Government Needs A Warrant To Obtain Cell-Site Records To Track Suspect’s Movements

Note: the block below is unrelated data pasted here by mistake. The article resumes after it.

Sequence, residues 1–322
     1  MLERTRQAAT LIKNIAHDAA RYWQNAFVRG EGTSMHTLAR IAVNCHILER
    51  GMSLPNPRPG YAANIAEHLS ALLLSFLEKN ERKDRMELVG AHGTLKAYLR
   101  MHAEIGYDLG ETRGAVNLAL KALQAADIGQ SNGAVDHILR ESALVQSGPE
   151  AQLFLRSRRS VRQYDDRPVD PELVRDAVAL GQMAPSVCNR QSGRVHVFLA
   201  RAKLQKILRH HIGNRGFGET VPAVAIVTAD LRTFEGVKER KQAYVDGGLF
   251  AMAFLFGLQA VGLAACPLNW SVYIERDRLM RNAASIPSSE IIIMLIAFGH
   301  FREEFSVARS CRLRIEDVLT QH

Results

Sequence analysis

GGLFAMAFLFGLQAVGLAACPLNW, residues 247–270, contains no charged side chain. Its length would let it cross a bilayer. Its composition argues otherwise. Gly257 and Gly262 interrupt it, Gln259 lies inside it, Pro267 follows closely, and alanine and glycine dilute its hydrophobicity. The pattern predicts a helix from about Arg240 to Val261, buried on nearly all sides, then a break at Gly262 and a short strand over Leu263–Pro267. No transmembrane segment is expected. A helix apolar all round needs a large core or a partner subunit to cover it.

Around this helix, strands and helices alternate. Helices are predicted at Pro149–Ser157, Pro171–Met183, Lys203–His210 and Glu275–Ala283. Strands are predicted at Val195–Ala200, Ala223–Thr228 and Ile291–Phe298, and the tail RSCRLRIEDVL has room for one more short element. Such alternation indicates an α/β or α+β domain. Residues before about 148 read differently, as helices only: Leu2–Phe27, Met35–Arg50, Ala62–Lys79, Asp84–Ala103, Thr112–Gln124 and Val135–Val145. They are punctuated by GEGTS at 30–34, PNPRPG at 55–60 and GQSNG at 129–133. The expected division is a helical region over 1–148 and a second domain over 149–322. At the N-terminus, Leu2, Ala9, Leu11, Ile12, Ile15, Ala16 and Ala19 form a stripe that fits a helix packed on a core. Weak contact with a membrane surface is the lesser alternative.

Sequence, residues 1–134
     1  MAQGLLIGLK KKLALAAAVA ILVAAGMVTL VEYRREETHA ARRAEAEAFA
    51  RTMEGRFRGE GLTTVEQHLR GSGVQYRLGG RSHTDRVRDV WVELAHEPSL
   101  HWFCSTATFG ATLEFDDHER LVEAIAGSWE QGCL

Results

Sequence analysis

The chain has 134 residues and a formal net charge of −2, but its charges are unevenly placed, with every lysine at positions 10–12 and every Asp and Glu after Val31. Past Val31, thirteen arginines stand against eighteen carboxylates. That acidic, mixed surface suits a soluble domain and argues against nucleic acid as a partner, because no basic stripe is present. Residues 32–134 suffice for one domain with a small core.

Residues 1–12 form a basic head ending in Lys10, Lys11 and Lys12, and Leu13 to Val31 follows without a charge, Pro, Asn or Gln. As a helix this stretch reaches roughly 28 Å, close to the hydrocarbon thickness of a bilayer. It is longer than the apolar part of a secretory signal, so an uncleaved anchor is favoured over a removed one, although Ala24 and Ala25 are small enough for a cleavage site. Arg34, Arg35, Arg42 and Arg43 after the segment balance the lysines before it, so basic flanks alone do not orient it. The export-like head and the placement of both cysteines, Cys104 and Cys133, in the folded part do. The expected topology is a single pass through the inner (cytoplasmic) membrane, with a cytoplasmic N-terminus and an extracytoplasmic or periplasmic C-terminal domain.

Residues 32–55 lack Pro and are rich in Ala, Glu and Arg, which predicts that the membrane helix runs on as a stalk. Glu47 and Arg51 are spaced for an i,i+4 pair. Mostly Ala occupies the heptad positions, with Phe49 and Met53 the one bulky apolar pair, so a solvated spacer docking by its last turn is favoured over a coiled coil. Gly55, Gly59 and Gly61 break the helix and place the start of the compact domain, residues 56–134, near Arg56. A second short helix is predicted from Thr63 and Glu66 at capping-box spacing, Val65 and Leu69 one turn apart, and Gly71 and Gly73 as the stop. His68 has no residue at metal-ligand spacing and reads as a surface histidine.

When the FBI suspected that Timothy Carpenter was involved in several robberies, it identified his cell phone number and obtained cell-site information from his wireless carriers without a warrant, which could be used to track the movement of his phone, and thus Carpenter himself. Carpenter moved to suppress the information as violating the Fourth Amendment’s requirement for a warrant supported by probable cause. The district court denied the motion, and Carpenter was convicted at trial. The Sixth Circuit affirmed, holding that Carpenter lacked a reasonable expectation of privacy over the information held by the wireless carriers. The Court, in a 5-4 decision authored by Chief Justice Roberts, reversed, and held that the acquisition of cell-site records was a Fourth Amendment search that required a warrant. In the intersection of a person’s expectation of privacy in her physical movements, and not having such an expectation of privacy over information turned over to third parties, the majority found the unique nature of cell-site records, and the huge amount of information they provided about a person’s whereabouts, required that they be treated as a search under the Fourth Amendment. Justice Kennedy, joined by Justices Thomas and Alito, filed a dissent arguing that the majority was wrong to treat cell-site records differently from other forms of information held by third parties, which the Government has a right to access without a warrant. Justice Thomas filed a dissent arguing that the “reasonable expectation of privacy” test used by the majority has no basis in Fourth Amendment law and should be discarded. Justice Alito, joined by Justice Thomas, also filed a dissent arguing that the majority’s decision will destabilize Fourth Amendment law and cause more harm than good. Finally, Justice Gorsuch filed a dissent arguing that the Court should return to the more traditional principle of asking whether a given article belongs to someone, regardless of who holds it, to determine the extent of Fourth Amendment rights. A link to the opinion in Carpenter v. United States is here.